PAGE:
Pamela Green Jackson is a public affairs/community relations specialist at MCLB-Albany.
Pamela Green Jackson says she absolutely loves her work at Marine Corps Logistics Base-Albany.
However, she also has a couple of other scenarios that she would enjoy just as much.
One would be administering her nonprofit organization that targets childhood obesity. If finances were not an issue, she would be happy devoting all her time to that calling.
Also, once work is over, she says she can see herself relaxing in Montego Bay, Jamaica, the native country of her mother.
Q. What was your first job?
A. My first job was babysitting. I grew up in rural Baker County, and some of our neighbors asked me to watch their children. I was about 15 years old.
Q. What was the first thing you spent money on when you received your first-ever paycheck?
A. Clothes, of course — like most girls. I bought a brand new outfit to wear to school.
Q. What’s the single most effective technique you’ve found over the past two years for keeping employees motivated?
A. To be motivated myself. I never ask someone else to do what I’m not willing to do myself, and to show appreciation for all things, even the small ones.
Q. What led you to your current position? Why did you want to operate your own business?
A. I always liked communications and interacting with the community. As a veteran, it was a great opportunity to come back and serve my country as a civilian. I love the public relations-type of environment. I’ve been here almost five years and have loved every minute of it.
Q. Do you have a role model or mentor in your career?
A. I try to model Jesus Christ himself, as a Christian, but I also look up to my pastor, my uncle and my dad, who is no longer with me.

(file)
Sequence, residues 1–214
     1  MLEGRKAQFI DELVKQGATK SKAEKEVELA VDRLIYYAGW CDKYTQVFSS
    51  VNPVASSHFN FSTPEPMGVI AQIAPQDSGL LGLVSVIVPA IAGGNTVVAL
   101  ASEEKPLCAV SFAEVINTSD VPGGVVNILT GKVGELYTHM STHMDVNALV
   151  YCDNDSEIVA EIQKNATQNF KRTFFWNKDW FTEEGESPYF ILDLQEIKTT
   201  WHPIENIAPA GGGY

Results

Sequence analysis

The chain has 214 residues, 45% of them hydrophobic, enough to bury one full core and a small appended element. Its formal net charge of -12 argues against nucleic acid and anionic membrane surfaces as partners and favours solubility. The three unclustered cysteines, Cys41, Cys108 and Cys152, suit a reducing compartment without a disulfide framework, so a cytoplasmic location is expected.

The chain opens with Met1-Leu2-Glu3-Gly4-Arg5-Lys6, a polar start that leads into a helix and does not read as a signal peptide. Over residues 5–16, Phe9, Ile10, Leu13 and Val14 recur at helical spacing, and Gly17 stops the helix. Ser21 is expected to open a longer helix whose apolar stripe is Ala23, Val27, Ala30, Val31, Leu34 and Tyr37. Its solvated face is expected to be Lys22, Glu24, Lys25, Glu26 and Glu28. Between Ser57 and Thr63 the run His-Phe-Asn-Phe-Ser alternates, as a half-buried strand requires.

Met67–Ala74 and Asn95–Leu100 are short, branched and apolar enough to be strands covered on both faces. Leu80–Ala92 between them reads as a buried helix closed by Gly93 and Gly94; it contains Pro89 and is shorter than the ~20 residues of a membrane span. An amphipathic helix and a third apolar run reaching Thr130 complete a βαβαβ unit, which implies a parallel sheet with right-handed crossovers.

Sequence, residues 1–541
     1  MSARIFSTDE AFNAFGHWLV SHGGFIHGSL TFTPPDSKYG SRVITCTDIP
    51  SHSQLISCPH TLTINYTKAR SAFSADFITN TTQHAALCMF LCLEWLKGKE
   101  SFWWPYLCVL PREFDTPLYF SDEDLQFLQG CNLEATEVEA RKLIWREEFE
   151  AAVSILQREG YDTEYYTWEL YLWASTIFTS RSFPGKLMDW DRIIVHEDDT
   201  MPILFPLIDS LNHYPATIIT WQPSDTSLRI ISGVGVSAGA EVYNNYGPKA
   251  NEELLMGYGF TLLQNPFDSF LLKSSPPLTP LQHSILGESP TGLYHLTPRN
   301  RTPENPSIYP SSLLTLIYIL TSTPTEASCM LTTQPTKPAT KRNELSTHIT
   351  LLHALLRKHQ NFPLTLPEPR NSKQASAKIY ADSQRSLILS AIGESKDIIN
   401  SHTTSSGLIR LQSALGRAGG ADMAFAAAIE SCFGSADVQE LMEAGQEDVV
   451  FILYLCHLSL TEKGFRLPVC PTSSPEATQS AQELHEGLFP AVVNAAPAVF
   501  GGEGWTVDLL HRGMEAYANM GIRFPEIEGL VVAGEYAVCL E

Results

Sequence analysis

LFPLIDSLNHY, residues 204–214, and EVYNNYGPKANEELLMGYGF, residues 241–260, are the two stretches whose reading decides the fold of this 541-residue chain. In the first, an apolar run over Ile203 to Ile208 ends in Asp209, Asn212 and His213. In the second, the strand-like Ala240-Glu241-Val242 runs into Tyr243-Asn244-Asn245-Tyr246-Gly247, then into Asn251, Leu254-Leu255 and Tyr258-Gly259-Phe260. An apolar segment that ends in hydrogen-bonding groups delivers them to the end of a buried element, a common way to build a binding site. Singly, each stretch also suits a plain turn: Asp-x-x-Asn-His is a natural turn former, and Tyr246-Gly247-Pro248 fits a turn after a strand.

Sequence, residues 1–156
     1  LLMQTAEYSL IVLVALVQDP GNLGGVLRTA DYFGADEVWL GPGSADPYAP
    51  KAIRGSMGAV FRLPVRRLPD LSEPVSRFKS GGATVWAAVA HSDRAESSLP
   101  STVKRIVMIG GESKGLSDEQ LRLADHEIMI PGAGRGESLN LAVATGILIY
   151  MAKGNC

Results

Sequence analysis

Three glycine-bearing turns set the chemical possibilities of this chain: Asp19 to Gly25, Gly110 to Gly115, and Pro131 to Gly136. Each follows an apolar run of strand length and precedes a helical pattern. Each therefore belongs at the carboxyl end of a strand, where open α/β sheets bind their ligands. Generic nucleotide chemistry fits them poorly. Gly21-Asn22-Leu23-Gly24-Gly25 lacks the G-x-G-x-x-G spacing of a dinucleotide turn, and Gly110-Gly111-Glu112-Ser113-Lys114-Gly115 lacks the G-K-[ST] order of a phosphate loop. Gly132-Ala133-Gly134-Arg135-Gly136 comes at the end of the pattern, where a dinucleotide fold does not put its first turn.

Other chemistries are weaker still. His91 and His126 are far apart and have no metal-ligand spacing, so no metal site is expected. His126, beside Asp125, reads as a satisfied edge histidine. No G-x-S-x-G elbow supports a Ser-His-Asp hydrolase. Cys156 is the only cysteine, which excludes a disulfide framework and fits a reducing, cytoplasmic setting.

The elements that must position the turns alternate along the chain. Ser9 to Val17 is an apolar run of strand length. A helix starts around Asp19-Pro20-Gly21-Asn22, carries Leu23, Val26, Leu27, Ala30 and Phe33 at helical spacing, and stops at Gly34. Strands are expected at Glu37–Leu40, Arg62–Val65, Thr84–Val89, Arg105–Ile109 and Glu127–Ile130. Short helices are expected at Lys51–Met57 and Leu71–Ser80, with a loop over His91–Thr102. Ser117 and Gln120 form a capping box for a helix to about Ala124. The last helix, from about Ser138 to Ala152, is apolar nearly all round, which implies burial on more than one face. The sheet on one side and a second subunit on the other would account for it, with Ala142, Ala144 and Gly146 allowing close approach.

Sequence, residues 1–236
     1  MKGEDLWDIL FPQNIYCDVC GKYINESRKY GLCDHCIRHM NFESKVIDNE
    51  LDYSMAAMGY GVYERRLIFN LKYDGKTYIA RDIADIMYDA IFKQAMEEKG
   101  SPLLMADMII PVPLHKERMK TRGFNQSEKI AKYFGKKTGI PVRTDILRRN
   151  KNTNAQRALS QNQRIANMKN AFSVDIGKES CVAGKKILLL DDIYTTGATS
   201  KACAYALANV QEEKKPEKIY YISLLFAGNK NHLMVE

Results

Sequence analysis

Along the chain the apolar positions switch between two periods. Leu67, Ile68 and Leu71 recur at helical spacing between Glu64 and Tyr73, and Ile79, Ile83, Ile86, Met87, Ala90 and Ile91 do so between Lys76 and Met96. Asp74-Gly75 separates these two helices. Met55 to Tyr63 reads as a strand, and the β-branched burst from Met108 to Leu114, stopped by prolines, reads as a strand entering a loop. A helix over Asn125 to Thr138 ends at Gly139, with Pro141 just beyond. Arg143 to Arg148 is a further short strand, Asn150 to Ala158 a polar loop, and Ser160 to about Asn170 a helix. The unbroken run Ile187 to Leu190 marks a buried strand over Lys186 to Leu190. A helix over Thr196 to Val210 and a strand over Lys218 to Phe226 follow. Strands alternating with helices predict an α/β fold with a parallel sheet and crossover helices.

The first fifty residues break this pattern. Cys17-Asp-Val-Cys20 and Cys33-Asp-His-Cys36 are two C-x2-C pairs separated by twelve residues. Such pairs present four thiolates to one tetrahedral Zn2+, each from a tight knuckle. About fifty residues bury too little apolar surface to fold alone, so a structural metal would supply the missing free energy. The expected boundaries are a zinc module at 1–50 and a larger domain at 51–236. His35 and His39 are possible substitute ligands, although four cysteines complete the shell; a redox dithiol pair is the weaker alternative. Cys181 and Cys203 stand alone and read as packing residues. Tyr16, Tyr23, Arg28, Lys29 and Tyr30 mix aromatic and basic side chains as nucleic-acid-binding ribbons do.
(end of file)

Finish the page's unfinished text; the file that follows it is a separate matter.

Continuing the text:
Q. What is the biggest lesson you as a business leader learned from the recent recession?
A. That in time everything will turn itself around. Just try to do less with more and motivate your people and eventually things will change. We’ve been here before.
Q. If you could turn the clock back on one aspect of technology – examples email, automated phone systems, cellphones, PDAs, etc. – what would you most like to see go away?
A. I absolutely deplore automated phones. You press this button to get to this person or that person. I’m a personable person, and I love interacting with people. I don’t like pressing a bunch of buttons to get where I need to get to.
Q. What is your favorite work-related gadget?
A. It would have to be my laptop. It’s portable, because I’m out in the community a lot and I do a lot of research for my writing.
Q. What is your favorite tradition?
A. For family I love Christmas. It’s always been my favorite holiday. Not only does it celebrate the birth of Jesus, but it gives me a chance to spend time with my family. On the business side, I look forward to just anything interacting with my community. I love my job.
Q. What was the last book you read? Do you have things you read daily or regularly?
A. Of course, I’m a regular reader of the Bible. But I’ve been in school getting my certification so I’ve read a lot of public affairs, public relations, leadership-type books. I read “Gung Ho” by Ken Blanchard about motivating others around you.
Q. I’m up and going by? And what is your morning routine?
A. On a good day, starting about 5:30, I try to get up and walk before having my coffee and letting the dogs out. On most days, it’s about 6. I get up, have my coffee, let the dogs out and get my granddaughter ready for camp. I head in to work by 8.
Q. What famous person would you like to meet and why?
A. I have seen first lady Michelle Obama from a distance and would love to have 30 minutes to sit down and pick her brain about life in general. I just admire her and how she became first lady of the United States. She does it with such class and grace.